Two-Dimensional Continuous Extraction in Multiphase Lipid Bilayers To Separate, Enrich, and Sort Membrane-Bound Species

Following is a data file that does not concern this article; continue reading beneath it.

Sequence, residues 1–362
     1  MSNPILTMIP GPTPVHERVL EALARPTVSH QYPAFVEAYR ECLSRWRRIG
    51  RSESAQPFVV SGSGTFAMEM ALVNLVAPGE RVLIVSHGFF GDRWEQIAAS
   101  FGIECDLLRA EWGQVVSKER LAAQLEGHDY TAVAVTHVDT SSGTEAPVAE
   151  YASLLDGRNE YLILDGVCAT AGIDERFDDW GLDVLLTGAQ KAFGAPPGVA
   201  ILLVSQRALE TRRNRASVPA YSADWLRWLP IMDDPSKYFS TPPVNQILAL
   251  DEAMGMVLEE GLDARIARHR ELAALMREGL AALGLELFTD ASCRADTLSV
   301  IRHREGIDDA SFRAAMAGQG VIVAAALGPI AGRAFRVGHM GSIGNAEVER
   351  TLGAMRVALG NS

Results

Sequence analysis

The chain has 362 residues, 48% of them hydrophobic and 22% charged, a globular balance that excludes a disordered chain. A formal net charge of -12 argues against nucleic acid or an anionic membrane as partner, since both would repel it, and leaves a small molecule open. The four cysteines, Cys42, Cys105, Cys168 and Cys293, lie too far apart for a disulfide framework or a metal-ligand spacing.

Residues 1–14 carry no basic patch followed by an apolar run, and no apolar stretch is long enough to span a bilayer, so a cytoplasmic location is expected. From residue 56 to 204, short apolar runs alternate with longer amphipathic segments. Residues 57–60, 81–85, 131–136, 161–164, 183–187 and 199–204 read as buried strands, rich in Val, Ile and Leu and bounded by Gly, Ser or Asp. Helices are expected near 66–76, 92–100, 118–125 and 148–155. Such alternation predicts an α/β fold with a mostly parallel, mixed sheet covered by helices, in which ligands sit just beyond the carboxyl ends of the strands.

A new method is presented to separate, enrich, and sort membrane-bound biomolecules based on their affinity for different coexisting lipid phases in a supported lipid bilayer using a two-dimensional, continuous extraction procedure. Analogous to classic liquid–liquid phase extraction, we created two distinct lipid phases in our planar membrane system: a liquid-ordered (lo) phase and a liquid-disordered (ld) phase arranged in parallel stripes inside a microfluidic device. Membrane-bound biomolecules in an adjacent supported lipid bilayer are convected in plane along the microfluidic channel and brought into contact with a different lipid phase using hydrodynamic force. A mixture of two lipid species, a glycolipid and a phospholipid, with known affinities for the two lipid phases employed here are used to demonstrate continuous extraction of the lipid-microdomain preferring glycolipid to the lo phase, while the phospholipid remains primarily in the ld phase. In this demonstration, we characterize the performance of this affinity-based separation device by building models to describe the velocity profile and transport in the two-phase coexistent membrane. We then characterize the impact of residence time on the extraction yield of each species. This new procedure sorts membrane species on the basis of chemical properties and affinities for specific lipid phases within a membrane environment near physiological conditions, critical for extending this method to the separation of lipid-linked proteins and transmembrane proteins while minimizing denaturation. This platform could facilitate the separation and identification of lipid membrane domain residents, or the characterization of changes in membrane affinity due to post-translational modifications or environmental conditions.